One of the biggest challenges in a busy, fast-paced day is to notice what’s happening at this moment – not on the note to the teacher you forgot to write yesterday, or the presentation you have to make later in the week. This practice of paying attention to each moment of the day is called mindfulness. Mindfulness meditation has its roots in eastern spiritualism (especially Buddhism), but it’s gaining traction in modern society as a way to cultivate calm in an otherwise frantic day. So, what is it, exactly?
Think of it this way: mindfulness meditation focuses your attention on your bodily sensations and thoughts in the present moment, with a generous, accepting attitude. By contrast, examples of a lack of mindfulness would include being preoccupied with worries and fears about the past, anxieties about the future, behaving on “auto-pilot” (like eating mindlessly in front of the TV), all with a resulting sense of mental chaos. This feeling of going in too many directions at once can further your anxiety, and make you frustrated that you’re just not on top of things the way you’d like to be.
What mindfulness meditation can do: Mindfulness meditation is not a magic wand, and it won’t fix a daily schedule designed for super-humans. Since its introduction into western society in the early 1980s, however, by researchers like Jon Kabat-Zinn from the University of Massachusetts Medical School, research on the practice suggests it can have a significant impact on health and longevity -- by reducing stress, depression, anxiety, promoting coping in the face of serious illnesses, alleviating chronic pain, and boosting memory and the ability to learn a new task. Some studies have indicated it may help people lose weight, particularly if they struggle with emotional eating.
Many psychologists have gone on to develop and employ variations of mindfulness practices, including mindfulness-based stress reduction (MBSR), and mindfulness-based cognitive therapy (MBCT).
In the short-term, mindfulness aims to help people observe moods and thoughts as transient entities, like “black clouds in the sky” to be observed “with friendly curiosity as they drift past”, according to Mark Williams, a clinical psychology professor at the University of Oxford and one of the founders of MBCT. In the long-term, says Williams, mindfulness can deliver changes in levels of happiness and wellbeing that rival anti-depression medication, for example, though the researchers do not recommend practicing meditation in lieu of prescription medication. Still, the practice carries no side effects, can be learned quite easily, and performed just about anywhere.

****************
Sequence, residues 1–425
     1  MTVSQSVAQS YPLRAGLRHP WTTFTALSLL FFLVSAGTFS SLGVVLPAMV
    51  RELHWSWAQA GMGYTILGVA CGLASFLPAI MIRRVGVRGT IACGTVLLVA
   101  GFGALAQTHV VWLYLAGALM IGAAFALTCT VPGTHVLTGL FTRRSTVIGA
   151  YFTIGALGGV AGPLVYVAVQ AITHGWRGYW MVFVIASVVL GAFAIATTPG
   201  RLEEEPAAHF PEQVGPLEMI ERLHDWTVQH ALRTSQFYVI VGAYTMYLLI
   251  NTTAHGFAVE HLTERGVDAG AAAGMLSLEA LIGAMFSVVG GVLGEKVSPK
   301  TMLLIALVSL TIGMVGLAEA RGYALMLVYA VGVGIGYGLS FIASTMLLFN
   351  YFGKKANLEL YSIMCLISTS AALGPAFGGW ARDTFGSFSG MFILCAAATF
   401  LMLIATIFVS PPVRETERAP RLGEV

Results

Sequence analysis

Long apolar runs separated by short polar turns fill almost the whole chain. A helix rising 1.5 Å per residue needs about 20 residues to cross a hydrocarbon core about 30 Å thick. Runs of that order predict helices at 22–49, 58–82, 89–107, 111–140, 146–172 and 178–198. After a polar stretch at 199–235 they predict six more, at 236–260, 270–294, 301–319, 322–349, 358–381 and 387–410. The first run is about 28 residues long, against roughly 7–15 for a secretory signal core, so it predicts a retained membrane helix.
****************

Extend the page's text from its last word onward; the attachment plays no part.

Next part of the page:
How to Be More Mindful: Mindfulness meditation can be fostered in a few ways. You can set aside time to practice during a defined period, say, 15-20 minutes twice a day. Shorter sessions of only a few minutes can offer you a brief, portable technique as respite in a hectic schedule.
Mindfulness can also be cultivated in day-to-day activities, by just paying attention to what you’re doing at any given moment (no multi-tasking here!):
- Breathe, and concentrate on the breath
- If you’re cooking or doing other household chores, pay close attention to the sequence of tasks, how they feel, and notice the results
- Take a slow walk and match your breaths with your steps
Practice becoming more mindful, especially with repetitive tasks that you do often. Persistence and patience will help you reap the benefits.
Kabat-Zinn, J. (1982). An outpatient program in behavioral medicine for chronic pain patients based on the practice of mindfulness meditation: Theoretical considerations and preliminary results. General Hospital Psychiatry, 4, 33-47.
Mark Williams and Danny Penman. “Mindfulness: An Eight-Week Plan for Finding Peace in a Frantic World.” Rodale Press. 2011. Also: Personal correspondence with the author, June 2012.
Meditation: An Introduction. US National Institutes of Health: National Center for Complementary and Alternative Medicine Public Information Sheet. Accessed June 18, 2012.
Mindfulness Matters: Can Living in the Moment Improve Your Health? US National Institutes of Health Newsletter. January 2012. Accessed June 18, 2012.
Teasdale, John D, Segal, Zindel V.; Williams, J. Mark G.; Ridgeway, Valerie A.; Soulsby, Judith M.; Lau, Mark A. “Prevention of Relapse/Recurrence in Major Depression by Mindfulness-Based Cognitive Therapy.” Journal of Consulting and Clinical Psychology Issue: Volume 68(4), August 2000, p 615–623.